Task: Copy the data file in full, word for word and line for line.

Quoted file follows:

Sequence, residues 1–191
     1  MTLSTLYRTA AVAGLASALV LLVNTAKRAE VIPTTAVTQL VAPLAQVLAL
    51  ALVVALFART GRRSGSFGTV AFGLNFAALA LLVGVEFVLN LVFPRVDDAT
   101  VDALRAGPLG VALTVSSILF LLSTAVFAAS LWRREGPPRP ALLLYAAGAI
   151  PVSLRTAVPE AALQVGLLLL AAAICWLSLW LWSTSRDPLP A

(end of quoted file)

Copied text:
Sequence, residues 1–191
     1  MTLSTLYRTA AVAGLASALV LLVNTAKRAE VIPTTAVTQL VAPLAQVLAL
    51  ALVVALFART GRRSGSFGTV AFGLNFAALA LLVGVEFVLN LVFPRVDDAT
   101  VDALRAGPLG VALTVSSILF LLSTAVFAAS LWRREGPPRP ALLLYAAGAI
   151  PVSLRTAVPE AALQVGLLLL AAAICWLSLW LWSTSRDPLP A